Commonwealth soldiers in the armed forces

In their report Meeting the Needs of Commonwealth Personnel and Families: A Map of Service Provision (May 2018), Dr Catherine Pearson and Dr Nick Caddick highlight that in 2017, the British Army employed 5,800 people from foreign and Commonwealth nations (approximately 7% of its personnel). Of these recruits, the majority are Black, from African and Caribbean countries as well as from Fiji, and are generally concentrated in the lower ranks. 

In November 2018, the government announced that the armed forces “are to step up their long-held global links” with such countries by increasing the number of Commonwealth recruits. But what do “long-held global links” actually amount to? Another author, Vron Ware, concluded in her 2012 book Military Migrants: Fighting for YOUR country that the “capacity of the British Army to deal with the issues and problems entailed in employing soldiers with migrant status had been extremely limited”. Evidence collected during two years’ research suggested that “army welfare services… were unevenly informed and ill-equipped to deal with the particular issues raised by being a cultural minority as well as a migrant”.

This continues today. Along with the fees issues, other immigration-related problems have surfaced, including refusals of indefinite leave to remain for minor convictions, veterans being placed on the costly ten-year route to ILR, and uncancelled “exempt from immigration control” stamps in passports after discharge (causing confusion as to whether this amounted to permanent residence, which it does not).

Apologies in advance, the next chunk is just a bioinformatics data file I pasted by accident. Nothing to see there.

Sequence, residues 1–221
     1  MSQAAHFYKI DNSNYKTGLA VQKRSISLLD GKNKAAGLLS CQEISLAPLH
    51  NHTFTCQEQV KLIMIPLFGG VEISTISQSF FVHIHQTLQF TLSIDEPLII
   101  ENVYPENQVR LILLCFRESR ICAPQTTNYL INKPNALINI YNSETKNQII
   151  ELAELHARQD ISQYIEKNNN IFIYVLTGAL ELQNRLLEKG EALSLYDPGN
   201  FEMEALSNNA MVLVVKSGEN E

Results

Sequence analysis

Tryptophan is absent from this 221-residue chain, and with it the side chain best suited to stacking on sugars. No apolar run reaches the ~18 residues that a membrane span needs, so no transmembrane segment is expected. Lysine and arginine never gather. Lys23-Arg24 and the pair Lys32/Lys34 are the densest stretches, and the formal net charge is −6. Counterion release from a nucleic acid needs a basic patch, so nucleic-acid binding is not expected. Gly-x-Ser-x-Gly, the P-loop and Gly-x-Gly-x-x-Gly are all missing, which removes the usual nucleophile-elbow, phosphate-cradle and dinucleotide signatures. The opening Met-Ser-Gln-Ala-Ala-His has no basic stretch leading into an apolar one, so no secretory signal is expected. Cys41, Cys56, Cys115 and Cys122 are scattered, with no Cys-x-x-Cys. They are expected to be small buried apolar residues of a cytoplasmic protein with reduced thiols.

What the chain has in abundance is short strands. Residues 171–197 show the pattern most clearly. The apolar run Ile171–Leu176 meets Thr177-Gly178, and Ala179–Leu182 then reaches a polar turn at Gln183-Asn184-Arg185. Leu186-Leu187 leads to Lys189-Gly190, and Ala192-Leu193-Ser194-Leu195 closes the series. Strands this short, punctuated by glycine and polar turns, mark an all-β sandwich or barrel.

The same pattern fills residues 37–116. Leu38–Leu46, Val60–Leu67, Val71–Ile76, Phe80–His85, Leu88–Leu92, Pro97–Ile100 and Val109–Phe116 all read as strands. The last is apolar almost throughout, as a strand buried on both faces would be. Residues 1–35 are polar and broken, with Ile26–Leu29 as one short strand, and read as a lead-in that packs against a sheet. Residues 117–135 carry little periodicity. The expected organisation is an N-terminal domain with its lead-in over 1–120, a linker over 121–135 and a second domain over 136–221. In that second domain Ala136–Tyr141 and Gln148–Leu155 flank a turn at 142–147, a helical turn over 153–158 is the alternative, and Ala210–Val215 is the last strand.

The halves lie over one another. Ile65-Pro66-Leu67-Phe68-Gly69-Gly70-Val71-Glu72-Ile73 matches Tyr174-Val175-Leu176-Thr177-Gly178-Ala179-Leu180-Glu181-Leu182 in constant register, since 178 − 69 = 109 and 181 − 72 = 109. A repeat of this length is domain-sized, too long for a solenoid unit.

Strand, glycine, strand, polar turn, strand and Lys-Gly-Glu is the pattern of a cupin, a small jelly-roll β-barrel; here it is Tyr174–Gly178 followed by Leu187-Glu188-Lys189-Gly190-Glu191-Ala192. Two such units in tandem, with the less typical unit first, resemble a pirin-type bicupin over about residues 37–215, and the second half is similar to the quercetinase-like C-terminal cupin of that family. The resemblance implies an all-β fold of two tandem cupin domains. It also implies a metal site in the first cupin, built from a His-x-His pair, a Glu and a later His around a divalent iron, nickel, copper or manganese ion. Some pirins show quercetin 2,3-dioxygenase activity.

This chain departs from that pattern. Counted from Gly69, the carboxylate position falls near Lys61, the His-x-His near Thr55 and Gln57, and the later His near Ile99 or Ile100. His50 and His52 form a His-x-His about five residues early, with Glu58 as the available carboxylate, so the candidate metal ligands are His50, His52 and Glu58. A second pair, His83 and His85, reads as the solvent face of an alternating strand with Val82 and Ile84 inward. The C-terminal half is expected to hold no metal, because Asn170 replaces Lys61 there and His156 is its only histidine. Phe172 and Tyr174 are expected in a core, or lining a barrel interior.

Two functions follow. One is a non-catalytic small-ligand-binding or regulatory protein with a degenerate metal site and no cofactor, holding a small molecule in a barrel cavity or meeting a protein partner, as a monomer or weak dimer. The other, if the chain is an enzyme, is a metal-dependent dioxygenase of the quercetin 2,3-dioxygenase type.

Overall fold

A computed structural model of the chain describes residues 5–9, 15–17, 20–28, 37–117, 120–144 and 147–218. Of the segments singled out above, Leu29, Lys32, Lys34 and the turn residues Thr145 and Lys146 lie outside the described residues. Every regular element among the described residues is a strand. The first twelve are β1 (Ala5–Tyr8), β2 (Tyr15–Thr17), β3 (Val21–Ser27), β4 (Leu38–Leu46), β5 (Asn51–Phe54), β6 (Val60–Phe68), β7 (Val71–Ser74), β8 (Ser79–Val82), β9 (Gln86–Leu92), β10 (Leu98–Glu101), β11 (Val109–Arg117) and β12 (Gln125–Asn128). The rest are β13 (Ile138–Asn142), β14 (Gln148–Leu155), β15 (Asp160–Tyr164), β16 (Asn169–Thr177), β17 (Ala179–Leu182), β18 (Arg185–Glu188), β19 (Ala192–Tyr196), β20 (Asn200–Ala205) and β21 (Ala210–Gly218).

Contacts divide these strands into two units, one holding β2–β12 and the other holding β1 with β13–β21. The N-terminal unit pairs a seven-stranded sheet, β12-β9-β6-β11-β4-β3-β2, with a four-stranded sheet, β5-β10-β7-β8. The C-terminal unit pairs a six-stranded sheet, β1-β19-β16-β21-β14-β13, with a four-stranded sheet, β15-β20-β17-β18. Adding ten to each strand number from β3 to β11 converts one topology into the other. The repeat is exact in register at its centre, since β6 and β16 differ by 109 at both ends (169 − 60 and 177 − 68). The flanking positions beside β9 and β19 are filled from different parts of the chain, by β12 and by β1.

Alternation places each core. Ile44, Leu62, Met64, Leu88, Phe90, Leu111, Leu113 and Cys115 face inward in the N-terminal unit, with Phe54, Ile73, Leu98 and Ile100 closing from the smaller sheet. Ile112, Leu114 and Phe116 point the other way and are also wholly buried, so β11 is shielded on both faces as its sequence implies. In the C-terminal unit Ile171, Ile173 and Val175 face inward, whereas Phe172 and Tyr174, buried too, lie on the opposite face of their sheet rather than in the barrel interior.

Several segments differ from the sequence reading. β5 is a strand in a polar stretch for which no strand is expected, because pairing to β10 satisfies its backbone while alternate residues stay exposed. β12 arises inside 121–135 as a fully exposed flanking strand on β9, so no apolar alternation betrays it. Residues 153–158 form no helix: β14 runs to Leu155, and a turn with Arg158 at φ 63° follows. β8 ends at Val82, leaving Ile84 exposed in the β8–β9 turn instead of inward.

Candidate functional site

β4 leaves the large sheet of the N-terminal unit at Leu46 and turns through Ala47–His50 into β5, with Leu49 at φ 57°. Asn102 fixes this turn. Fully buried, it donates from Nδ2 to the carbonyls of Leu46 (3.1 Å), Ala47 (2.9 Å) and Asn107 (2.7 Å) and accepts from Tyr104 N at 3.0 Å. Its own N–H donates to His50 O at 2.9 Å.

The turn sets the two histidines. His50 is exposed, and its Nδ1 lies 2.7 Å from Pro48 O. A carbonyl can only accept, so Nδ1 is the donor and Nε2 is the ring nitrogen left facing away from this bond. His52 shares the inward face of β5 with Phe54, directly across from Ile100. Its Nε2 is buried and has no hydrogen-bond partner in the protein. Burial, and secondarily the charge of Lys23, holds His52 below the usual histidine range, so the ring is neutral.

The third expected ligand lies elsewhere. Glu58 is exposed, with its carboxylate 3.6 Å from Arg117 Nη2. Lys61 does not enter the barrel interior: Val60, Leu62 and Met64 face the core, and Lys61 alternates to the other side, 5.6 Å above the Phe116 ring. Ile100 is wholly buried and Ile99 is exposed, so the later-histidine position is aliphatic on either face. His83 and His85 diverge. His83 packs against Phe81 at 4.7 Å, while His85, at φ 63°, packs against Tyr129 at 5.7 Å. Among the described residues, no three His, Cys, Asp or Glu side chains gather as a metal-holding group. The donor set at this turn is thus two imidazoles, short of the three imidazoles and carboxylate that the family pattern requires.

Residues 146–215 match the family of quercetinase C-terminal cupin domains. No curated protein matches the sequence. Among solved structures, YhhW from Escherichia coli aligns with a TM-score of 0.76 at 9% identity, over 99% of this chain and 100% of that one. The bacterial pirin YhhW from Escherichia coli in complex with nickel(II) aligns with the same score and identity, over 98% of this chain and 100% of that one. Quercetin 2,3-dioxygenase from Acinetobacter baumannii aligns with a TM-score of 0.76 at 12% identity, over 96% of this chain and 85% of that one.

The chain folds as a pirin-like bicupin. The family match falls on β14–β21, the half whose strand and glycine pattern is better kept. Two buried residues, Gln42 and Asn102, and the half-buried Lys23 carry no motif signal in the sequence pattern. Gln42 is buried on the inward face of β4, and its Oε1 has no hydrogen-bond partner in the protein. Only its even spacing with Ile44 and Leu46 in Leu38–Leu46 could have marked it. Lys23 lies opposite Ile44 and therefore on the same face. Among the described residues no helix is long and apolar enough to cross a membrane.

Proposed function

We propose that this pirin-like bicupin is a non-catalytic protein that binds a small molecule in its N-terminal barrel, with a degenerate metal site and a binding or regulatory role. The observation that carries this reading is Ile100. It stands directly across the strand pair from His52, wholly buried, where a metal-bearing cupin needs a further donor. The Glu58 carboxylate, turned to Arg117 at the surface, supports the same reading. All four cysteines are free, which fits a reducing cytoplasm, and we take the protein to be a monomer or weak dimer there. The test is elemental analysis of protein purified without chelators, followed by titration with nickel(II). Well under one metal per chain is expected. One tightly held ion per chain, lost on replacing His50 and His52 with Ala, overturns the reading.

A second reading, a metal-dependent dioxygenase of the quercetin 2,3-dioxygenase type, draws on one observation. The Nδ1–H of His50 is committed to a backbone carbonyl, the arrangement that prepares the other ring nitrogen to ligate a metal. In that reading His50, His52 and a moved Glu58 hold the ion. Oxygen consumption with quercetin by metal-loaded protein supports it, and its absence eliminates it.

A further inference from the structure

The Bill and the Armed Forces Covenant

The Bill would give legal force to the Armed Forces Covenant, which states:

the whole nation has a moral obligation to the members of the Naval Service, the Army and the Royal Air Force, together with their families. They deserve our respect and support, and fair treatment. 

Those who serve in the Armed Forces, whether regular or Reserve, those who have served in the past, and their families, should face no disadvantage compared to other citizens in the provision of public and commercial services. Special consideration is appropriate in some cases, especially for those who have given most such as the injured and the bereaved.